Raucous reptilians

Like any ’90s band with a following even a fraction as zealous as the one attached to these explosive noise-rockers, The Jesus Lizard’s cult status can be easily confirmed without reading a review or seeing a show: A brief cruise on the Internet reaps a litter of affectionate Web sites (some more interesting than others — my favorite was written by a fan who offered a gentle apology for being drunk before launching into a meticulously detailed band biography) that provide all the proof one needs. But considering that the band has been harvesting this level of loyalty since its birth in pre-Web 1987, the best evidence still comes straight from the trenches.

The first Lizard fan I talked to told me he’d once received a kick in the head from lead singer (or is that screamer) David Yow (once described as possessing “scuzzy, sarcastic charisma”) as the frontman was passed around on the shoulders of the crowd at a Cleveland show. Relating this incident from the band’s early days, the victim’s tone was matter-of-fact: After all, the savage energy of live Jesus Lizard shows (more than a few have culminated in Yow’s arrest for indecent exposure and other forms of disorderly conduct) is as commonplace as it is legendary.

Another fan remembers seeing them first in Atlanta, where he was so entranced by the music that he found himself instantly transported from the back of the crowd to stageside without recalling the journey.

And yet a third could summon these lyrics of Yow’s with startling immediacy, reciting them with the tender cadence of a nursery rhyme: “They found spray paint in his sinus/Cotton in his ears/His cheeks showed little slugstyle tracks/That dried there from his tears” (from “Rope,” off 1992’s Liar, from Touch and Go Records).

The Yow I encountered during a recent morning phone interview was subdued and thoughtful. Between sips of water in a Montreal hotel, he contemplated the group’s latest offering, Blue (Capitol, 1998), which has been widely viewed as a departure from the harder consistency of its predecessors:

“We decided we didn’t want a record that was a representation of a live [show] because you can’t produce that believably and faithfully. We’ve done so many punch-in-the-neck records, and we were interested in trying something we hadn’t done.”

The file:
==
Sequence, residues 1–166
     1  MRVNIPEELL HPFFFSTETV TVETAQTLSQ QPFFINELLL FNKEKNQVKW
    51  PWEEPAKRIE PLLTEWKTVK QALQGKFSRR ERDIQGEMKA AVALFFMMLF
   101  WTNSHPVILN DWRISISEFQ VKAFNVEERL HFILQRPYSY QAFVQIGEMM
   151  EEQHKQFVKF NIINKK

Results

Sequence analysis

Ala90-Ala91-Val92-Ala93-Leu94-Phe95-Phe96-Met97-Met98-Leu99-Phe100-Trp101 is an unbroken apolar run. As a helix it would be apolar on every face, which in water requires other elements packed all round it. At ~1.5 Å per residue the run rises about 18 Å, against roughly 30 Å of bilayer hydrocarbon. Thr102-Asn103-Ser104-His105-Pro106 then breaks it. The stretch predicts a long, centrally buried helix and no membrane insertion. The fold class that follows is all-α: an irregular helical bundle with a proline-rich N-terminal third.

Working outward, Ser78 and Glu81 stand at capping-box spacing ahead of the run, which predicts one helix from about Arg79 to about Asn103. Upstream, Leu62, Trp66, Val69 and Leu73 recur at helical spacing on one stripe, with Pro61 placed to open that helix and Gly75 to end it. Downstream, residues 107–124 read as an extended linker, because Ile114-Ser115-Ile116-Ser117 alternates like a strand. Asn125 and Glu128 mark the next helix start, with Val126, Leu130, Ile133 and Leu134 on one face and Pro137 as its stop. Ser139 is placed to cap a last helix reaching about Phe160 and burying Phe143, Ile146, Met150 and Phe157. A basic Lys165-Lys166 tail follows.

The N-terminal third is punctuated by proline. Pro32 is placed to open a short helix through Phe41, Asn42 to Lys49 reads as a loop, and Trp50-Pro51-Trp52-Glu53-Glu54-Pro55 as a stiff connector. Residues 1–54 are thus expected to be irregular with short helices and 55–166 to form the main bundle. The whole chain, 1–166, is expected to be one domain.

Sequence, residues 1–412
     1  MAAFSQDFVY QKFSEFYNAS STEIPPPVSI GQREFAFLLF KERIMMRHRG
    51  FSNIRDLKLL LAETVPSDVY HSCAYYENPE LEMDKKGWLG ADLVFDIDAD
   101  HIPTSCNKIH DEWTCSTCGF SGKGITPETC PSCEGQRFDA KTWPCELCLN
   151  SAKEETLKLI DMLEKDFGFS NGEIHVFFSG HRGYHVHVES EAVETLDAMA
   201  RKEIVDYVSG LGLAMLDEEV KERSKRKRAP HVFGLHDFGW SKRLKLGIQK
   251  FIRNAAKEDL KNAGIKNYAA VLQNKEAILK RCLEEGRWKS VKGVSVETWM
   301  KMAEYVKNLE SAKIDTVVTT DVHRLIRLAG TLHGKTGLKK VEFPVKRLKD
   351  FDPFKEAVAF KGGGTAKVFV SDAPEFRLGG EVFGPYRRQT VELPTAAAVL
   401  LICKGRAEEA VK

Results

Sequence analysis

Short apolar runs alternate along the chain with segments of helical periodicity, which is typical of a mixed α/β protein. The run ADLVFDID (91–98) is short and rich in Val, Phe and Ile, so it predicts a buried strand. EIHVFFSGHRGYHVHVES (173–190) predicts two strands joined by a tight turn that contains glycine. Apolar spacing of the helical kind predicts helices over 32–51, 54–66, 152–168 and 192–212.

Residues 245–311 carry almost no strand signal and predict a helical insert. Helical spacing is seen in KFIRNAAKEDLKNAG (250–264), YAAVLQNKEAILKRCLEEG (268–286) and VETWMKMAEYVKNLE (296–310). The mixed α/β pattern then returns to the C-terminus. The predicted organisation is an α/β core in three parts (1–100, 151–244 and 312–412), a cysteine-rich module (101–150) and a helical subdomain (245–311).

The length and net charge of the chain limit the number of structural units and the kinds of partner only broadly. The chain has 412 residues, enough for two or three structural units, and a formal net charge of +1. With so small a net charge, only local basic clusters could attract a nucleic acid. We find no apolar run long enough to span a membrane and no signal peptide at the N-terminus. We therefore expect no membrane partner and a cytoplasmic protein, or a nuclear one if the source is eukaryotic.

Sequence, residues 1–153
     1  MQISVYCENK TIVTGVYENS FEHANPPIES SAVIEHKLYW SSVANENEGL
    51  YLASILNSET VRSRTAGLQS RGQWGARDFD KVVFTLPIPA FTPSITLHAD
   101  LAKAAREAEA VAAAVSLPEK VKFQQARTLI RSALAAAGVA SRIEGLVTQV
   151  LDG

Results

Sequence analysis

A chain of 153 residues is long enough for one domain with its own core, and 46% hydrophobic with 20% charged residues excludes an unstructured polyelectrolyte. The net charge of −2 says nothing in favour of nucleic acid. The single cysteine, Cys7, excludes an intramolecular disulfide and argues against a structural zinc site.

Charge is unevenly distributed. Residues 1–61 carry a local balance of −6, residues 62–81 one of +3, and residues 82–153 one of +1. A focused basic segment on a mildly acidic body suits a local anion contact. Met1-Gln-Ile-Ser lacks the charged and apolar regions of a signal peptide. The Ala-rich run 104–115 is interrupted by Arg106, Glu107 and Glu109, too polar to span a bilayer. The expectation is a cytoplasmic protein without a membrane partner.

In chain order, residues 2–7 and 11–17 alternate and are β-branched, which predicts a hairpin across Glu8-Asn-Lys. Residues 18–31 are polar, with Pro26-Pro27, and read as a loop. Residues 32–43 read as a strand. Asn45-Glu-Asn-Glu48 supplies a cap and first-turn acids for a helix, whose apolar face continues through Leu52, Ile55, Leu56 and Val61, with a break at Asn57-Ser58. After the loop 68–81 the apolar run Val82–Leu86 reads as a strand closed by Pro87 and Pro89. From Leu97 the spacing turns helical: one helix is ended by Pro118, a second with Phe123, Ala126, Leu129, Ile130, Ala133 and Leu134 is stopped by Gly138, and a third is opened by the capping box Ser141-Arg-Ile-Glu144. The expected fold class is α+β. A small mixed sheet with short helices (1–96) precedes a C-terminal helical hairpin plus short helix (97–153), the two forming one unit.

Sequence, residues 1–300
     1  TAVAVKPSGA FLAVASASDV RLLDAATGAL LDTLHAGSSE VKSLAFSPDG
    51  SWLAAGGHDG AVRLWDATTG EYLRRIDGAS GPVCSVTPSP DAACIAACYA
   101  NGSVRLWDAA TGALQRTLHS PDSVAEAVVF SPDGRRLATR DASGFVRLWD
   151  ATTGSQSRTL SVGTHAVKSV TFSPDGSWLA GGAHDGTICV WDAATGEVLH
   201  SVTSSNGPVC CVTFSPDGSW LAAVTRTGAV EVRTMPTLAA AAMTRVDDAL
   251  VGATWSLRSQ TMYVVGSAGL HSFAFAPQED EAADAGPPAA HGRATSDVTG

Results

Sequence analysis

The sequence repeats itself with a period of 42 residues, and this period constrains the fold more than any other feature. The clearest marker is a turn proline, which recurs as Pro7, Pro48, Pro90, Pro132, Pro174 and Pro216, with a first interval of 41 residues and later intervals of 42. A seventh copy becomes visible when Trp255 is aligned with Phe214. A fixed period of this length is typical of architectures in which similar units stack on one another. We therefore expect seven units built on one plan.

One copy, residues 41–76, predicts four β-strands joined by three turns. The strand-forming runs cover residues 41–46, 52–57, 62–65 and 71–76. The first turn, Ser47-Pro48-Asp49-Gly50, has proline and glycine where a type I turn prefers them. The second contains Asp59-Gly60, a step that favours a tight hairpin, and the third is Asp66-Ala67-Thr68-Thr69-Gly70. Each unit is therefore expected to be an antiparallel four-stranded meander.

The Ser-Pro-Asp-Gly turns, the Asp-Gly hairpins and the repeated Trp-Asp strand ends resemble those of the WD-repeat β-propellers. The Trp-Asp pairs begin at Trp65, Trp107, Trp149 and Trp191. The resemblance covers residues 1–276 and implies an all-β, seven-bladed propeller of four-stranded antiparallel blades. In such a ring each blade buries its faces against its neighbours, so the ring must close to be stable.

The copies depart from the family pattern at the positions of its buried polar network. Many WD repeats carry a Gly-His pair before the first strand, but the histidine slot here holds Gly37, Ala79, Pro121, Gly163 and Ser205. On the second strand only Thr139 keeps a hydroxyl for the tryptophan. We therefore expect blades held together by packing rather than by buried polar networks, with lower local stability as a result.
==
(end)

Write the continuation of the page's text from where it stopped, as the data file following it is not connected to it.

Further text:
On Blue, that means no profanity, clearer vocals, more layered arrangements. “I wanted to see if I could use melody in more than one song,” notes Yow.

Of course, hints of Blue’s excursions into tunefulness have surfaced in previous works — e.g., the instrumental version of “Needles for Teeth,” which appeared on a self-titled EP released earlier this year. And diehard followers need not fret too vehemently. There’s still plenty of Yow’s signature screaming to be enjoyed on Blue.

But what about fans who find their need for Yow’s more raucous vocal stylings under-satisfied?

Too bad. Alienating the stauncher fringe of Jesus Lizard fans with an evolving product is not one of Yow’s concerns.

“What people expect of us doesn’t really come into play when [making a CD]. We just write what we write,” he says quietly.

The Chicago-based foursome have toured almost constantly for more than a decade. Two years ago, they left their first label, Touch and Go, for Capitol, and recently they replaced their longtime drummer Mac McNeilly with Jim Kimball. (Yow and bassist David Wm. Sims started out in the Austin band Scratch Acid, and guitarist Duane Denison has been with the band since its inception)

In that time, the group has obviously witnessed a huge change in the music scene. Similarly, the face of their audience has changed. Many older fans who cut their rebellious teeth on the brute edge of The Jesus Lizard have moved on to more tranquil waters.

“I think [the scene] has changed, because at first we pretty much had a college crowd,” Yow reflects. “Now a lot of the kids in college have outgrown this kind of music. … There’s a new college crowd, but a lot of younger kids, too.”

Ironically, the band’s riotous live performances have been a point of stasis in all this flux. “What [goes on] at live shows doesn’t change,” he admits, adding, “We’re just too simple of a band.”

As driven as they are by pure punk force, at their most elemental level, Yow’s songs are simply stories: brooding, morbid stories grinding away with the macabre creativity of a medieval torture instrument, but stories, nonetheless, that unwind with a strangely familiar logic.

The source(s) of these singular tales of doom? “They’re inspired by all kinds of things … dreams, and just stuff I make up,” says Yow.

The Jesus Lizard sound is commonly (and accurately) described as “apocalyptic.” But how would Yow himself want the group to be remembered if it were all destined to end tomorrow?

“I don’t know — a rock band,” he says simply.


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